Walking with the Lord – (Year B – Advent 4: 2 Samuel 7:1-11 & Luke 1:26-38)

I have been pondering and praying
over our world this week:

  • The whole “War on Christmas”
    makes no sense if Christians desire to offer the Good News.  There
    are only 50 million seats in the churches of this country that
    claims to have 250 million Christians (according to polls that
    measure what people say, not what they do).  Where would we all sit if all the "Christians" showed up to worship one Sunday?

  • While our political leanings
    about the war in Iraq may differ, can we at least celebrate an
    election?  As Christians can we join Rabbi Marc Gelman in
    celebrating an act of freedom?  (See “Why I Support the War in
    ” – December 16, 2005.
    And by the way, if the elections do not go “our way” will we be
    able to celebrate another nation’s decision?)

  • I give thanks for those who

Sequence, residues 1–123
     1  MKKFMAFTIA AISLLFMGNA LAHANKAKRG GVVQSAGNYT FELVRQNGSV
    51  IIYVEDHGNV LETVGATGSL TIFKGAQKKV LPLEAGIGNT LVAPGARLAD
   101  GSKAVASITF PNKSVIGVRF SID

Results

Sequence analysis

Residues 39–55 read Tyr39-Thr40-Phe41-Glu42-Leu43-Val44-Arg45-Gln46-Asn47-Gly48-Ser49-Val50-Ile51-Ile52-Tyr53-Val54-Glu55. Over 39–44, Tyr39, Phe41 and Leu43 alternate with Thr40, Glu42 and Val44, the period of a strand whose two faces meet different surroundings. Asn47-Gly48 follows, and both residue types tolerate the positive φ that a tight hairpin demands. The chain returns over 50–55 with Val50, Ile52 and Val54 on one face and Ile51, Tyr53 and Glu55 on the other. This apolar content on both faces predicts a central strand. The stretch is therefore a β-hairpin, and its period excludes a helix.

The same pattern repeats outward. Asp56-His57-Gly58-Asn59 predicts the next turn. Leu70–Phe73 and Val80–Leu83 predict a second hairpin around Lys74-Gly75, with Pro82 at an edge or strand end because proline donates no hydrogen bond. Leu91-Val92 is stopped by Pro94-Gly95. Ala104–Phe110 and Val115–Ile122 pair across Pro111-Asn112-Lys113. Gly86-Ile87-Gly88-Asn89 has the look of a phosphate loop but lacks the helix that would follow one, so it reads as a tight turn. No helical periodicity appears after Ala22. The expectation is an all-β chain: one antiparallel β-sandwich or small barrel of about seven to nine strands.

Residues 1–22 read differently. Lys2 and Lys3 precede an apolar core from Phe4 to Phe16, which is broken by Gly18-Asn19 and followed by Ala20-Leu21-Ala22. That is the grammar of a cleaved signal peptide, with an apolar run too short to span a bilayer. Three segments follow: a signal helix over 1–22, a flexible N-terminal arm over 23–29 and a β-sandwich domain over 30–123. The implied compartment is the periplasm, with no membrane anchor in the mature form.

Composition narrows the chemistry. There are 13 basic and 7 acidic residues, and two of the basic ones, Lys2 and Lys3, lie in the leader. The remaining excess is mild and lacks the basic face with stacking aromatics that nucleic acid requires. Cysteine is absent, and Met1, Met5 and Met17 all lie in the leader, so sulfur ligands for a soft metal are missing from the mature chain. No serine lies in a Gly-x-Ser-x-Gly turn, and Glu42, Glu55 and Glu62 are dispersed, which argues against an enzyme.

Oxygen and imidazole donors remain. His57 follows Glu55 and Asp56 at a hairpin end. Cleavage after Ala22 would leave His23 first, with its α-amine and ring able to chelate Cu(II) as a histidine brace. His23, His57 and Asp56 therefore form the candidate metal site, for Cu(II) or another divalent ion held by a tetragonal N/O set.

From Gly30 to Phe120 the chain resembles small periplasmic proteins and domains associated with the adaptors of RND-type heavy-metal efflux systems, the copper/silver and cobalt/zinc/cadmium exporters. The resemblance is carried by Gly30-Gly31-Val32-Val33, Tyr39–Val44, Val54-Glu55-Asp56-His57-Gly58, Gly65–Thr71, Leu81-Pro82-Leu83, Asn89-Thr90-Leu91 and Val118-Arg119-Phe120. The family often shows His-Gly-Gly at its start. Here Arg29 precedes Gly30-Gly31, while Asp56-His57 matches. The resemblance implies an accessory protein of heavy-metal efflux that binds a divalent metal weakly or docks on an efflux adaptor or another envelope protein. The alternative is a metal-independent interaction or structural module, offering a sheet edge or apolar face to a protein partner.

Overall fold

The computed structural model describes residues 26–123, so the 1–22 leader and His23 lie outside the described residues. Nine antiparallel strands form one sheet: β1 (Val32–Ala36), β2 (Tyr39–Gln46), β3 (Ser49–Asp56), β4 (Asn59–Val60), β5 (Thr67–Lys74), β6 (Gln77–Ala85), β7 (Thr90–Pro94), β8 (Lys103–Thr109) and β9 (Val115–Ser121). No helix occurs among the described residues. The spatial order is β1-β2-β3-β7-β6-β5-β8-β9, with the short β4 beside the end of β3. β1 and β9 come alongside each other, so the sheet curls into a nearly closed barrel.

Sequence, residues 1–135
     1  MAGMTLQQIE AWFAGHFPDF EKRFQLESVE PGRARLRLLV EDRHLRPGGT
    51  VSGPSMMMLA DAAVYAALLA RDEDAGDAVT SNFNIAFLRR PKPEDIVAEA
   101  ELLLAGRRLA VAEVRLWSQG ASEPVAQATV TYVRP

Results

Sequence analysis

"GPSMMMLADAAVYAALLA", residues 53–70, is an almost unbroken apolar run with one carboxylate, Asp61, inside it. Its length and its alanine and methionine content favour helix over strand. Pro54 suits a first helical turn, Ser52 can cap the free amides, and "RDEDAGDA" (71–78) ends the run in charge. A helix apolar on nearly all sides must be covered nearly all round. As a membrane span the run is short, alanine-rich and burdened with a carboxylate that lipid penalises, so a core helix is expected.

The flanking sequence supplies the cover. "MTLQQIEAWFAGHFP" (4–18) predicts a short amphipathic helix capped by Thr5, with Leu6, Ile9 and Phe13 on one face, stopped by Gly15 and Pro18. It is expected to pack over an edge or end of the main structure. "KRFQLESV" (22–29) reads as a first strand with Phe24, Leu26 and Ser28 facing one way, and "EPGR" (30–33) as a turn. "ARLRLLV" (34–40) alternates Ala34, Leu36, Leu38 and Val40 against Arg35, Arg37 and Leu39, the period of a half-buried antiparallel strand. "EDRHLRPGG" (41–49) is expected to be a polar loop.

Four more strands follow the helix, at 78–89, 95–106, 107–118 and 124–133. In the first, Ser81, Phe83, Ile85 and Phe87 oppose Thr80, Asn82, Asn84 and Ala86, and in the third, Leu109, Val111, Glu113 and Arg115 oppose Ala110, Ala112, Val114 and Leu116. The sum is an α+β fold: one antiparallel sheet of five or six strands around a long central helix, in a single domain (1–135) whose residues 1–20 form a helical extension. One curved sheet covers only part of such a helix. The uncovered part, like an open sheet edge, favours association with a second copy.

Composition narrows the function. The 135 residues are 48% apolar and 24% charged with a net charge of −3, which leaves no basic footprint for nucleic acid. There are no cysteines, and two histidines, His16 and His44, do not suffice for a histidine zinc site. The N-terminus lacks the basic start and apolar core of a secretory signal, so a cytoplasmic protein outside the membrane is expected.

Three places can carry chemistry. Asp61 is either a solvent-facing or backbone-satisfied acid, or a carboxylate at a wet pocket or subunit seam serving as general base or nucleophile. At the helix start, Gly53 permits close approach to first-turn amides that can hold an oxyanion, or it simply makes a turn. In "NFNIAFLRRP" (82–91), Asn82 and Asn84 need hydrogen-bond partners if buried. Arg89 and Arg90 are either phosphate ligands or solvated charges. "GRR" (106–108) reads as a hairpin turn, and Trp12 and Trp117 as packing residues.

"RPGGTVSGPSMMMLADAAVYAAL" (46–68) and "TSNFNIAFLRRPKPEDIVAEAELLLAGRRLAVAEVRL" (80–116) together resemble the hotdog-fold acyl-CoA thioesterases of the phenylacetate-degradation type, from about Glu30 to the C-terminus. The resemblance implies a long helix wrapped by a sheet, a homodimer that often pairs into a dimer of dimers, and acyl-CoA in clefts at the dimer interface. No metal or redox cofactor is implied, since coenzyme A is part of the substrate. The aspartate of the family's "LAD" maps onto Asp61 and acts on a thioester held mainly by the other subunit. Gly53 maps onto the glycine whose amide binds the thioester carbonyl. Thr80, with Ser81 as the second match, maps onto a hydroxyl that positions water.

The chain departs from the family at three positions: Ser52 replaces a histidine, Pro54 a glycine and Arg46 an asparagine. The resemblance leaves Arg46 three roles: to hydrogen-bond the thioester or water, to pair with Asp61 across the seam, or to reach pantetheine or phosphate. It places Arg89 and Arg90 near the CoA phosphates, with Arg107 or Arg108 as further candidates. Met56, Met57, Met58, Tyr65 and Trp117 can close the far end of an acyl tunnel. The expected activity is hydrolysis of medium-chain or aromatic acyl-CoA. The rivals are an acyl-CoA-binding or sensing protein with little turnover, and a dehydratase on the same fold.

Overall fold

made it possible for 250 persons on Saturday and 280 persons on
    Sunday to hear the Christmas message at the Family Christmas
    Celebrations presented by our music ministry team.

  • I think about the 350+ presents
    that filled the lobby of our church before they were delivered
    yesterday to 41 families yesterday.  I think volunteers spending a
    day painting a Habitat house in order to have it ready for
    Christmas, sorting eggs and tossing 1 gallon cans of sweet potatoes
    at the Food Bank, and a stalwart group preparing for a Mississippi
    adventure in disaster relief.

If we are to remember God’s gift
of Jesus Christ this Christmas it might be well to remember why we
give in this season.  Perhaps, no bishop in Christianity is a broadly
known or as misunderstood as Saint Nicholas.  This 4th-century bishop
spent most of his life in a place called Myra in Byzantine Asia Minor